After the first small measures of the Credit Card Act of 2009 activated on August 19, major financial institutions — the same banks your taxes kept afloat last year — seemed to be waging war on you, their small business and consumer credit card customers. In early August, I wrote a column warning you to be careful what you say to your credit card providers. That followed a column, last spring, when Bank of America launched the credit “help” campaign that wasn’t helpful.
The National Small Business Association (NSBA) announced results of their 2009 Small Business Credit Card Survey. Two significant findings, during the past year:
- 63 percent of small businesses had their credit card interest rate increased
- 33 percent of respondents have received a credit card statement after its due date
Maybe the banks haven’t planned an actual “war” against you, but their actions certainly resemble a lethal assault.
Tim Hartmann is the CEO of a small software company. His dedication has produced a successful high tech career; his responsible habits have established FICO (Fair Isaac Company) credit scores in the high 700s. Looking at a recent credit report, he noticed his credit limit on one of his Bank of America credit cards was lower than he recalled. In fact, it was half of its previous limit. Tim is one of those rare people who actually reads those documents you get from your bank. You know the ones: Printed on flimsy paper in 4 point type, they require a magnifying glass and immense patience to discover what your lender is about to do to your account. He knew he hadn’t received any notification of a limit change. So he called the B of A customer service line. His only question: When did the limit on this account change? Seems simple, doesn’t it?
It turns out that Tim has three credit card accounts with B of A. One had a $40,000 limit, one had a $16,000 limit, plus the one he was calling about, which previously had a limit of $22,000, but now indicated an $11,000 limit. Tim started out with credit cards from three financial institutions. Through B of A lender acquisitions, his two non-B of A accounts are now issued by B of A. Two accounts have zero balances. The account he was calling about has a balance that gets paid off rapidly and never exceeds 20 percent of the limit – even the new limit. He’s never run up huge balances and he’s never made a late payment. He’s financially stable, with an exceptional credit history. The customer service rep could not help him with his simple question.
He was immediately transferred to a credit analyst. When he asked why, he was told, “As people call for any kind of account information, customer service is required to forward calls to a credit analyst for an account review. The credit analyst makes on-the-spot account decisions.”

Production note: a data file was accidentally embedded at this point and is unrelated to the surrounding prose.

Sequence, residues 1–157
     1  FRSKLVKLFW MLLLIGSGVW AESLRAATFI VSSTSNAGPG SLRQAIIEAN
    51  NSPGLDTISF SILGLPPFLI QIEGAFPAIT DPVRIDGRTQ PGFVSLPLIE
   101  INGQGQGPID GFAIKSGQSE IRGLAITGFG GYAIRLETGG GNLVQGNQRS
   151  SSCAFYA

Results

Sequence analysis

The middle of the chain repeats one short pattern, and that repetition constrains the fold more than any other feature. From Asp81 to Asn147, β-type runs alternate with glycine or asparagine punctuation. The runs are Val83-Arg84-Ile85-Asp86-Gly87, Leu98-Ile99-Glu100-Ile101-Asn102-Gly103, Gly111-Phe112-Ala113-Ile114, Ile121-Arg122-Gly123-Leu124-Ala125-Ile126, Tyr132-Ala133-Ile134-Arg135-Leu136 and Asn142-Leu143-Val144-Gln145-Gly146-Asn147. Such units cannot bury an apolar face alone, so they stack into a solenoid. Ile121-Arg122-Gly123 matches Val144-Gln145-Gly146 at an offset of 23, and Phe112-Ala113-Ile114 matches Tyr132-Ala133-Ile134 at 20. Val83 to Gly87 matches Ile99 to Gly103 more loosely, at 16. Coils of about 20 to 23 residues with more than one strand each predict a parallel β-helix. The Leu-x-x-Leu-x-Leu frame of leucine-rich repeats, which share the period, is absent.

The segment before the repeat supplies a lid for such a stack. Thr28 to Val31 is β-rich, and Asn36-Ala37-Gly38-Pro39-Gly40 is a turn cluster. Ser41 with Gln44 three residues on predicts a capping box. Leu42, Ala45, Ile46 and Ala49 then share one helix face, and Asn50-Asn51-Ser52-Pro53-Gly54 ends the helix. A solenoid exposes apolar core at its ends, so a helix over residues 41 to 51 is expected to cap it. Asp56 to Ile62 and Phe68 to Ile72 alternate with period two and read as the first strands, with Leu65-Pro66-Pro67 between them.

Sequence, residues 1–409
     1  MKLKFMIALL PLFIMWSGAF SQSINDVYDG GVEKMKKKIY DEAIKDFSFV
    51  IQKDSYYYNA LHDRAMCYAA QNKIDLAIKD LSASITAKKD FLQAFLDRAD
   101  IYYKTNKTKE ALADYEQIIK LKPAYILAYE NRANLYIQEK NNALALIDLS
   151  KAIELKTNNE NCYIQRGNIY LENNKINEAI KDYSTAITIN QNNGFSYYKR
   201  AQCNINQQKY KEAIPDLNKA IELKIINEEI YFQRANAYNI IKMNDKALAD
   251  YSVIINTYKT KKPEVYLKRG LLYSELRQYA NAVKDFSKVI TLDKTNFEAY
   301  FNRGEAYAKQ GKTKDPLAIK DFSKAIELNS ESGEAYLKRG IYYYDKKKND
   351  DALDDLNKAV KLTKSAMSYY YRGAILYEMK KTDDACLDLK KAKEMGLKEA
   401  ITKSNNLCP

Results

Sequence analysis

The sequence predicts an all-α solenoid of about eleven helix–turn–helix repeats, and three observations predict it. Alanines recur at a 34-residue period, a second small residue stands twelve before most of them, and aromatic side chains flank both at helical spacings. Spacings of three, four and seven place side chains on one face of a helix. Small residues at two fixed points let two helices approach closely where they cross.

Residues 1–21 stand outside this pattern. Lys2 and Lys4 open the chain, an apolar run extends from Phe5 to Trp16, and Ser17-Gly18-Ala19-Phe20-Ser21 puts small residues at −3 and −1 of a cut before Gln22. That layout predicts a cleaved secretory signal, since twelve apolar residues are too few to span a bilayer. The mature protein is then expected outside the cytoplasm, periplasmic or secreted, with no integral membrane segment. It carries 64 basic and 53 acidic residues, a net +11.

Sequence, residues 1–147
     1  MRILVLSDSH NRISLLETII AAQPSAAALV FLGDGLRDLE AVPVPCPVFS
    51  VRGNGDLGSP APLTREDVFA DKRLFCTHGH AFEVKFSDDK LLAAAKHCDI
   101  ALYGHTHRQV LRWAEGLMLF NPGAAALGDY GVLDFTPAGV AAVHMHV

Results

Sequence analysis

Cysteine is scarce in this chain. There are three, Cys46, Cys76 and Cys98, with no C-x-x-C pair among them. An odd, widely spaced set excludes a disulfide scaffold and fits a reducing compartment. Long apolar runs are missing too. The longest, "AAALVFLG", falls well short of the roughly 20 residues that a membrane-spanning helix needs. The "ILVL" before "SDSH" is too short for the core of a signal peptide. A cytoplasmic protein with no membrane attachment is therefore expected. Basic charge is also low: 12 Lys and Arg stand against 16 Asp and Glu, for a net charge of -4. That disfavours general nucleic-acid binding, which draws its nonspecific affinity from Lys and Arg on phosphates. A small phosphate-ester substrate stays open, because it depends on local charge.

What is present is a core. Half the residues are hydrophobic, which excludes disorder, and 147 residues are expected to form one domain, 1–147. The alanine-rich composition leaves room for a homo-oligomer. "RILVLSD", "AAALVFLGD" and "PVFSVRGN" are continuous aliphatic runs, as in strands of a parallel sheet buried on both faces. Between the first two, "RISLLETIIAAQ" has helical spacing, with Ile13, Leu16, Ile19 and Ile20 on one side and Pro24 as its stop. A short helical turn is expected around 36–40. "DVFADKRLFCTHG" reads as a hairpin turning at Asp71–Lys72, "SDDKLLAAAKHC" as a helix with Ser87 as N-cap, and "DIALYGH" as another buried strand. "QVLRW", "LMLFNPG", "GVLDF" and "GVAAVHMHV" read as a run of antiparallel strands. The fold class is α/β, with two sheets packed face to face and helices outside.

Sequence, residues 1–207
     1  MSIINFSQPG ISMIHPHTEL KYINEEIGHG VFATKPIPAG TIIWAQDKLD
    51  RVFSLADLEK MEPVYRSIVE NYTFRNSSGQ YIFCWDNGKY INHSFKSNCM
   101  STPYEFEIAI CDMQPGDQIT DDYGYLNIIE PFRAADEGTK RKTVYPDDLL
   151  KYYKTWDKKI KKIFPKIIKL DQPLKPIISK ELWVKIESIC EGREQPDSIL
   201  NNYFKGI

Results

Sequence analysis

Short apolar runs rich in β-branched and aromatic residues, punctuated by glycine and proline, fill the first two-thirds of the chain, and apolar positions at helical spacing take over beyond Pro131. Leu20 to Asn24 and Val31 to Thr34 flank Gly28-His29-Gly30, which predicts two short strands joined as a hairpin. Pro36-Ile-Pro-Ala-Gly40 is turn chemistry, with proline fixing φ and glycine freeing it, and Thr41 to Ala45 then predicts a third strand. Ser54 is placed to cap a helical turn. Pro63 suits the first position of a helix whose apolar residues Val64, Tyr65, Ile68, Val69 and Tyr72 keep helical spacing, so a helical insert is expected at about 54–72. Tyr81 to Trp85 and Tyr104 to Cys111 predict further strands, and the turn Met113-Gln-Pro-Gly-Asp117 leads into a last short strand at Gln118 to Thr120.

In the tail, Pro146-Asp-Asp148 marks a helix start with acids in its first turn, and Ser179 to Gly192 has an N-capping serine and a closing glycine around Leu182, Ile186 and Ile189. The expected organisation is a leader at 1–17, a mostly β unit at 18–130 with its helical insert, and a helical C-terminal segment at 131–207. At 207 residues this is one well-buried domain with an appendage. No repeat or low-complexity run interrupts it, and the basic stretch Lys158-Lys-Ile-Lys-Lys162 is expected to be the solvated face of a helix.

The analyst told Tim they would need to close the two accounts with a zero balance. While he doesn’t use them often, having $56,000 in available credit served as a cushion. He persuaded the analyst not to close them, but she insisted on reducing the credit limits to $11,000 on all three accounts. He asked for an explanation and was told, “We’re reducing exposure.”
That means $34,000 in available credit was eliminated from Tim’s credit profile during that brief phone call, essentially cutting his access to credit in half. It is likely that this action by B of A will result in lower credit scores. Why? Because he called customer service. With his impeccable credit history, the credit hit probably won’t be great for Tim. However, a person with average credit could see a rapid slide into subprime credit rating territory from the same action by a credit card provider.
According to Moody’s Investor Service, Bank of America and Citigroup have the greatest exposure to high risk credit card borrowers. To combat their risk, they’re closing and reducing limits on accounts at a rapid rate. If you use a credit card issued by financial giants, consider seeking a new credit card from a financially robust bank or credit union headquartered in your city or local region. Don’t close your current accounts since approximately one-third of your credit score is based on your credit history. Gradually, use your new accounts more and limit use of accounts from the megabanks. Local banks and credit unions rarely diminish your borrowing capacity for self-serving reasons.
The advice of reasonable credit minds has always been to immediately call your credit card provider, when you have a problem. Now, it seems that’s the last thing you should do with major lenders because it’s obvious their intentions have nothing to do with your credit worthiness. They’re focused instead on reducing the amount of credit they provide to the public. Just as your credit card provider is taking care of their balance sheet, you should commit to securing adequate credit for your business and/or personal use from financial institutions that truly care about partnering with you to achieve success.